Day after day he’d dress in his one blue suit, the same suit he’d worn to his grandmother’s funeral, and he’d head out on his quest to become one of the gainfully employed. But the doors continued to close and slam in his hopeful black face. The young man was now way beyond the point of utter despondency. More than this, he wondered how he would possibly manage to purchase Christmas gifts for his mother, his father and his younger brother.
The Holidays drew nearer.
Late one afternoon, as he and his one blue suit walked dejectedly down the avenue, he ran into an old friend. His old acquaintance appeared to be doing quite well. Though this friend had never finished high school, never considered college, never was driven or ambitious, he was now driving around town in a very fine car, and wearing the latest in expensive designer sportswear.
They spoke, and they joked, as they once had in their golden days. Being slightly amazed at his old friend’s fortune, the young man asked,
“So, what you been doing for yourself? I mean, look at you! You’re looking mighty successful, my friend.”
And that old friend informed him of his booming business in pharmaceuticals, and how, if he wanted, the young man too could be driving a nice new fly car, and sporting the latest in track suit finery.
This was his fork in that snowy wind-drift road. This could possibly be the answer to all his out-of-money-blues. Drugs and their sale had become a thriving commodity within the community. There were other young men, like him, who doing big things by dubious means, and he looked around, he had seen the glossy sheen of their notorious success. Now here was this friend from his past, offering him a ticket to the land of fast food urban riches. The young man was so ready to agree, to do what he had to do to finally, finally achieve and succeed.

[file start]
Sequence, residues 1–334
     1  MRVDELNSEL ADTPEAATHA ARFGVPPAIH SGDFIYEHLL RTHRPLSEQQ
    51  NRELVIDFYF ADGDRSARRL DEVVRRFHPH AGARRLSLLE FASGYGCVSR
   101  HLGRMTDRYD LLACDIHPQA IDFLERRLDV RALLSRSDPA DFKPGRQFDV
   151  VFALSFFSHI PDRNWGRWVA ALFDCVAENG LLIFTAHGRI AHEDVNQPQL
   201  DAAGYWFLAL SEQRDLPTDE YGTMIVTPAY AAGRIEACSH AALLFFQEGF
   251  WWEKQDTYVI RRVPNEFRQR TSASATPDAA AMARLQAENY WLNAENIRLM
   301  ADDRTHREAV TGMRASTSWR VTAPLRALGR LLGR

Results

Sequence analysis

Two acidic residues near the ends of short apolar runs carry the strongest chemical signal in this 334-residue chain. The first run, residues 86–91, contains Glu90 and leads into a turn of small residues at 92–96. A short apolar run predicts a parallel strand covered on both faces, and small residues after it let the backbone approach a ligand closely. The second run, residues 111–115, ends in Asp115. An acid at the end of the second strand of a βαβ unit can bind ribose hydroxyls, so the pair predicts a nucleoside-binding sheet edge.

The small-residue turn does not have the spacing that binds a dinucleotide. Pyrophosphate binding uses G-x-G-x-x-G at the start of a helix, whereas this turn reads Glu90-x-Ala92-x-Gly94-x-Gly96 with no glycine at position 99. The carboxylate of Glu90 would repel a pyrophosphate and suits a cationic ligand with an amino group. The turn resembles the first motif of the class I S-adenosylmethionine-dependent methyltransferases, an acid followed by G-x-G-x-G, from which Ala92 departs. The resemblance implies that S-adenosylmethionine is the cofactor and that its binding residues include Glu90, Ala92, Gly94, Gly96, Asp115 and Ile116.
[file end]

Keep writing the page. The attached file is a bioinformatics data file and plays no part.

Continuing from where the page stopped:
Still, something like an old voice haunted him slowly.
And so, he told this friend he would THINK about it, and give him his answer the following day.
On this way home that snowy evening, he passed a group of carolers singing an old Christmas hymn:
“God Rest Ye Merry Gentleman,
Let nothing you dismay…
Remember, Christ, Our Savior Was Born on Christmas Day…
To Save Us All From Satan’s Power
When We Were Gone Astray…”
Odd that he would hear that song now. He recalled how that one carol was his grandmother’s favorite of all the Christmas songs. As he walked away and the caroler’s voices faded… another voice singing the very same song became LOUDER inside his ear, inside his head. It was his grandmother’s voice. Lovely and strident, so soulful and strong… and was if she were his own Christmas angel, singing him home.
The feeling of it made him warm inside, even on that frigid December day.
Later that very night, his grandmother revisited him in a dream.